January 15, 2016

Design Thinking

Using creative brainstorming and experimentation techniques to surface, identify, test and implement new approaches and solutions.

Design thinking refers to a distinctive process of developing innovative solutions that is rooted in principles of physical, spatial, graphic, and user-interface design. It is characterized by an emphasis on deeply understanding the practical needs, behavior, and perspectives of actual users and constituents and may be applied to a wide variety of challenges, including programs, services, products, and processes. It is an action-oriented approach to generating creative solutions to complex problems.

How it's used

Design thinking combines intuitive and analytical thinking. It equips individuals and organizations with a process to first gain a deep understanding of constituents' perspectives, and then rapidly develop and test culturally and contextually relevant, viable solutions to problems. Nonprofits may use design thinking to generate innovative solutions in a range of scenarios, such as addressing a particular challenge, reframing questions and decisions, in a larger process of strategic planning, or integrating constituent engagement.


Design thinking can be implemented as a distinct process over a period of several months, or it can be embedded within a larger, ongoing strategic planning process. Organizations may wish to engage an outside facilitator or can use free online guides (see additional resources) to implement design thinking methodologies on their own.

Combining approaches from IDEO, Stanford's Hasso Plattner Institute of Design (d.school) and Rotman School of Management DesignWorks, there are four general phases to design thinking:

  1. Gain inspiration from constituents: The first step in design thinking is gaining a deep understanding of constituents' perspectives. Using qualitative, ethnographic methods, such as shadowing a service beneficiary to observe his or her needs and behaviors, participants should seek to truly empathize with and understand their beneficiaries' worlds and needs. Using this perspective, the problem facing beneficiaries can be reframed and defined.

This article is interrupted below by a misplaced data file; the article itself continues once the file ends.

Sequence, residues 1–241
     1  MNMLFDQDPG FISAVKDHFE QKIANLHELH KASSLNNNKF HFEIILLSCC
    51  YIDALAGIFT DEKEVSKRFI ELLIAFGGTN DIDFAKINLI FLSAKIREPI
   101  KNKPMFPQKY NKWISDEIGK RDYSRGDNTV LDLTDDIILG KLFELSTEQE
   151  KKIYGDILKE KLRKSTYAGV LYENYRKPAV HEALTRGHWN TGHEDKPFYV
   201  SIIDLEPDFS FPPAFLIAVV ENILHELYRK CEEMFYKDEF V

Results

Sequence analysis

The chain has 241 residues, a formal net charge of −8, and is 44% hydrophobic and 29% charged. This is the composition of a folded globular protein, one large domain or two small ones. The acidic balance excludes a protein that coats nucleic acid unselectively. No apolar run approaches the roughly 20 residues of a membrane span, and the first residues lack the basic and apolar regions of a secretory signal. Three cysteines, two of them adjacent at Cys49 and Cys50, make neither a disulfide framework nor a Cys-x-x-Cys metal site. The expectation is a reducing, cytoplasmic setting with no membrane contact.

2. Generate ideas collectively: With a truer understanding of the constituent perspective, organizers can gather an interdisciplinary team to rapidly brainstorm potential solutions to the defined problem. This process should be generative and iterative, so brainstorming all possible ideas is a good place to start. From here, participants can begin to segment and prioritize some ideas over others to identify feasible solutions.
  3. Develop best ideas: Rapidly prototype potential programs, services, products, or processes from the idea-generation phase. Test iteratively with end users to incorporate their feedback and improve the solution.
  4. Convert into a sustainable strategy: Develop a business model that enables the organization to deliver the solution in an economically viable and scalable fashion.

Related topics

Additional resources

Design Thinking for Social Innovation
The CEO and president of IDEO and the leader of its Social Innovation group introduce the concept and use of design thinking in the social sector, complete with examples of its application.

Virtual Crash Course in Design Thinking
For those interested in a deeper dive into implementing design thinking, this 90-minute video-led experience provides users with a workshop in Stanford's approach to the subject.

Human Centered Design Toolkit
This toolkit from IDEO.org provides nonprofits with a guide to implementing design thinking.

The Design of Business: Why Design Thinking Is the Next Competitive AdvantageThis book by Roger Martin, the Premier’s Chair in Productivity and Competitiveness and Academic Director of the Martin Prosperity Institute at the Rotman School of Business, explains how organizations can use design thinking to innovate to competitive advantage.

DesignWorks: How to Tackle your Toughest Innovation Challenges through Business Design This book by Heather Fraser, co-founder and director of Rotman DesignWorks, provides a three-part process for implementing design thinking.

Examples and case studies

Shaping a School System, From the Ground Up
Tasked with designing a new network of low-cost private schools in Peru, IDEO worked with Innova Schools to develop a new approach to learning. To date, Innova's students significantly outperform the national average on math and reading proficiency.

Students at Stanford's d.school were challenged to develop a new solution to keeping infants warm in Nepal through low-cost infant warmers. Using design thinking methodologies, the students developed a breakthrough product that works.

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